The god you don’t believe in, I too don’t
believe in – Rabbi Levi Yitzchak of Berditchev
As self-proclaimed atheist Michael A. Newdow argues his
case before the Supreme Court to remove the words “under
G-d” from the Pledge of Allegiance, it is hard to
ignore its timeliness.
We stand now in the Hebrew month of Nissan, called the
month of Redemption, when we prepare for Passover, which
is known as the holiday of faith. The Matzah eaten on Passover
is called “food of faith.” Indeed, the Bible
tells us that the Jewish people are “believers children
of believers,” and faith is emphasized time and again
throughout the Biblical account of Exodus.
So here we have the modern day confrontation between an
atheist and the American public’s declaration of “one
nation under G-d.” Dr. Newdow is arguing that the
daily recitation of the Pledge of Allegiance in his daughter's
public school classroom violates the Constitution as long
as the pledge contains the words “under G-d.”
Last year Dr. Newdow won a decision in the United States
Court of Appeals for the Ninth Circuit in San Francisco,
that the addition of "under G-d" turned the pledge
into a “profession of religious belief” and
made it constitutionally unsuitable for daily recitation
in the public schools. Now that decision was being appealed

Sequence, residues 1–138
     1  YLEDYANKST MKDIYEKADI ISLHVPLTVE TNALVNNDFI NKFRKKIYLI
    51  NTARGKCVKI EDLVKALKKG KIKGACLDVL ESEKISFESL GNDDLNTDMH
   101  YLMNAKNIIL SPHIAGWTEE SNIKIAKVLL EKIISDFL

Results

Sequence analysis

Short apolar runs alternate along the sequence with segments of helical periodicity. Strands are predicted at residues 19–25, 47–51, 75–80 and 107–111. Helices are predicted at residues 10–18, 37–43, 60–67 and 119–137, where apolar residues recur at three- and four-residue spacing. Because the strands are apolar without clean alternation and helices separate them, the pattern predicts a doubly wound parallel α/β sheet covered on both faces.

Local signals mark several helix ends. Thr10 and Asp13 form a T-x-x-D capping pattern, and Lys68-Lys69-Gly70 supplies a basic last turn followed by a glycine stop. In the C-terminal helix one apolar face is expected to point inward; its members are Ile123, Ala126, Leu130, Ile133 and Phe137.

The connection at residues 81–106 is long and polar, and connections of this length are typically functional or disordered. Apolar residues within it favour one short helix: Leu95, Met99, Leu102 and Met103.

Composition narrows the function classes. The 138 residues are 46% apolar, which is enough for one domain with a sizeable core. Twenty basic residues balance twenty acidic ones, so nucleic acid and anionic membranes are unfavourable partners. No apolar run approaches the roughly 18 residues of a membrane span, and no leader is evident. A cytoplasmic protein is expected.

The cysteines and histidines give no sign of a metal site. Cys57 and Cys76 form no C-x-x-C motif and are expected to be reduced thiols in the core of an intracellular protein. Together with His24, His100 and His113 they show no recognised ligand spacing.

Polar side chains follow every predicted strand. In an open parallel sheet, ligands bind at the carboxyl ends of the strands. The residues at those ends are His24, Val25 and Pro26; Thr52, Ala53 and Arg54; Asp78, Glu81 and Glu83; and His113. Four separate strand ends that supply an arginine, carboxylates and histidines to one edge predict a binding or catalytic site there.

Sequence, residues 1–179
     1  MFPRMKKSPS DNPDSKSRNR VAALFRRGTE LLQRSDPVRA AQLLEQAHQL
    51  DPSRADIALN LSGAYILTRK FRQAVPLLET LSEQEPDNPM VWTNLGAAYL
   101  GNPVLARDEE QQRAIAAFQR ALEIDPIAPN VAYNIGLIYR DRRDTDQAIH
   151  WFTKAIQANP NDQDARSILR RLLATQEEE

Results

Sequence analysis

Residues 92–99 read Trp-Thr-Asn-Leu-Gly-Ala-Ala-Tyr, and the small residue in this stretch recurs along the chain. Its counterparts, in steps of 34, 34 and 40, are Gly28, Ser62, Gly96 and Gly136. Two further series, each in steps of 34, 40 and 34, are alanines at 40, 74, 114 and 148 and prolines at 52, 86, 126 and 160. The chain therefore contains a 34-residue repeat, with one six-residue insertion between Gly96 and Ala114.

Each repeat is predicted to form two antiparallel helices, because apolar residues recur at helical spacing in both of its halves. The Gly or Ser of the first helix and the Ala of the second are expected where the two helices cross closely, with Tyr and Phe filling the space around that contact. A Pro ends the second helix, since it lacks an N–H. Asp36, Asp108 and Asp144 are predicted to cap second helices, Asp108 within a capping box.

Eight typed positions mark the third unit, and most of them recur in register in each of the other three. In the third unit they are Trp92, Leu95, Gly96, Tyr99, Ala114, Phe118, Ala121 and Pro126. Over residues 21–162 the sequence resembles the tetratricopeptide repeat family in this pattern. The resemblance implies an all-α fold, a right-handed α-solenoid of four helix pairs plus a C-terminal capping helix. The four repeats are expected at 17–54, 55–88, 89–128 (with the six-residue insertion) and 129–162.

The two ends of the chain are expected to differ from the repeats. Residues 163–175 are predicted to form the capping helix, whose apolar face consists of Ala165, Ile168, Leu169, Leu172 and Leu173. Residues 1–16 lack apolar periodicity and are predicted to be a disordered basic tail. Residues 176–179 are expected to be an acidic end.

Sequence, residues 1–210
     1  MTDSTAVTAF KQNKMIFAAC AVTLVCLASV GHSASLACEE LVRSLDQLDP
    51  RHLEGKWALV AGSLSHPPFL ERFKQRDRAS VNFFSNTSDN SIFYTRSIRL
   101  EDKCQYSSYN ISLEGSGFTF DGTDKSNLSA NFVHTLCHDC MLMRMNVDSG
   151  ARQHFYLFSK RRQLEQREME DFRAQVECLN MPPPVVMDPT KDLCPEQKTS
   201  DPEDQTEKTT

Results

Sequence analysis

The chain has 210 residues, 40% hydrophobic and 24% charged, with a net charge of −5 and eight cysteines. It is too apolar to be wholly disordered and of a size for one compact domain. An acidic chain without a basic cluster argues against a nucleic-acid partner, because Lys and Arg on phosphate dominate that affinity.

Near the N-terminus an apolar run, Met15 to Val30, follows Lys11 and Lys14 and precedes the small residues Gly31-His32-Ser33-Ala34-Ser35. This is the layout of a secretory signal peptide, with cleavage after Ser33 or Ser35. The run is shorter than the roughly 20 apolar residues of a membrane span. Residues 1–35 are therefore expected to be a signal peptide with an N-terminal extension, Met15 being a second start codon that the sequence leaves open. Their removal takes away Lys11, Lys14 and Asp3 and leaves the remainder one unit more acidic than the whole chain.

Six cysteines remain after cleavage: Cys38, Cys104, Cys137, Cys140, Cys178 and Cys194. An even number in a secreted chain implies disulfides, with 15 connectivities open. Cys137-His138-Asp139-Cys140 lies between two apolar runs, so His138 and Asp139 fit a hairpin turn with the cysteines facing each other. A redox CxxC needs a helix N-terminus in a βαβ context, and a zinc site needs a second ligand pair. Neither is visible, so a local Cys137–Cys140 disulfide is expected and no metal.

in the Supreme Court.
I have a few questions to self-proclaimed atheists. Perhaps
one day I can do a radio show and interview a few atheists,
agnostics and believers…
Frankly, I never understood atheists. Agnosticism is one
thing. I can see how someone has doubts and is unsure whether
G-d exists. But atheism? How can one be absolutely sure
and convinced that G-d does NOT exist? An atheist’s
irrational conviction can sound awfully like blind faith.
I understand that a person may emotionally choose to not
believe in G-d, but that should be confused with an absolute
rationale that G-d does not exist. No one can prove that
G-d does not exist as no can absolutely prove that G-d exists
(see below). Arguments can be made either way, but the final
conclusion is not driven by logic. For believers it is driven
by faith. But what drives an atheists absolute belief that
G-d does not exist?
Some have argued that the atheist’s belief is driven
by his unwillingness to accept G-d’s authority over his
life. In other words, the atheist does not have empirical
proof that G-d does not exist; he personally rejects G-d.
Similar to a person of faith who may not have empirical
proof for G-d’s existence, yet he personally chooses to
believe, or he instinctively, intuitively or emotionally
just knows that G-d exists.